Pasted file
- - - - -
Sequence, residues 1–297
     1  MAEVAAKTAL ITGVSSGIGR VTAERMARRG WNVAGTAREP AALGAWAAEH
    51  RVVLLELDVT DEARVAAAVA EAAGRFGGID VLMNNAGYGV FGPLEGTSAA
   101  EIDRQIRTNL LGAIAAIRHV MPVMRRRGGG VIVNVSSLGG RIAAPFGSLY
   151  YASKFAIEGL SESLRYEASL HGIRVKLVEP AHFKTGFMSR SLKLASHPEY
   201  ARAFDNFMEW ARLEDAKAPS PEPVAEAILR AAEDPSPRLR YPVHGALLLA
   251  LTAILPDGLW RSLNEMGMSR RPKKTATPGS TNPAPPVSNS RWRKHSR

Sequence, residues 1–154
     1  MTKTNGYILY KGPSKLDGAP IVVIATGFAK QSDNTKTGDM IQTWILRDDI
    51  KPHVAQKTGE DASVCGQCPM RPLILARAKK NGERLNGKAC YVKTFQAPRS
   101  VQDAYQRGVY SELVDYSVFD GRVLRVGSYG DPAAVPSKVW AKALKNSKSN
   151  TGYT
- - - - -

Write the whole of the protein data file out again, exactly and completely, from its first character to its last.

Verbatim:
Sequence, residues 1–297
     1  MAEVAAKTAL ITGVSSGIGR VTAERMARRG WNVAGTAREP AALGAWAAEH
    51  RVVLLELDVT DEARVAAAVA EAAGRFGGID VLMNNAGYGV FGPLEGTSAA
   101  EIDRQIRTNL LGAIAAIRHV MPVMRRRGGG VIVNVSSLGG RIAAPFGSLY
   151  YASKFAIEGL SESLRYEASL HGIRVKLVEP AHFKTGFMSR SLKLASHPEY
   201  ARAFDNFMEW ARLEDAKAPS PEPVAEAILR AAEDPSPRLR YPVHGALLLA
   251  LTAILPDGLW RSLNEMGMSR RPKKTATPGS TNPAPPVSNS RWRKHSR

Sequence, residues 1–154
     1  MTKTNGYILY KGPSKLDGAP IVVIATGFAK QSDNTKTGDM IQTWILRDDI
    51  KPHVAQKTGE DASVCGQCPM RPLILARAKK NGERLNGKAC YVKTFQAPRS
   101  VQDAYQRGVY SELVDYSVFD GRVLRVGSYG DPAAVPSKVW AKALKNSKSN
   151  TGYT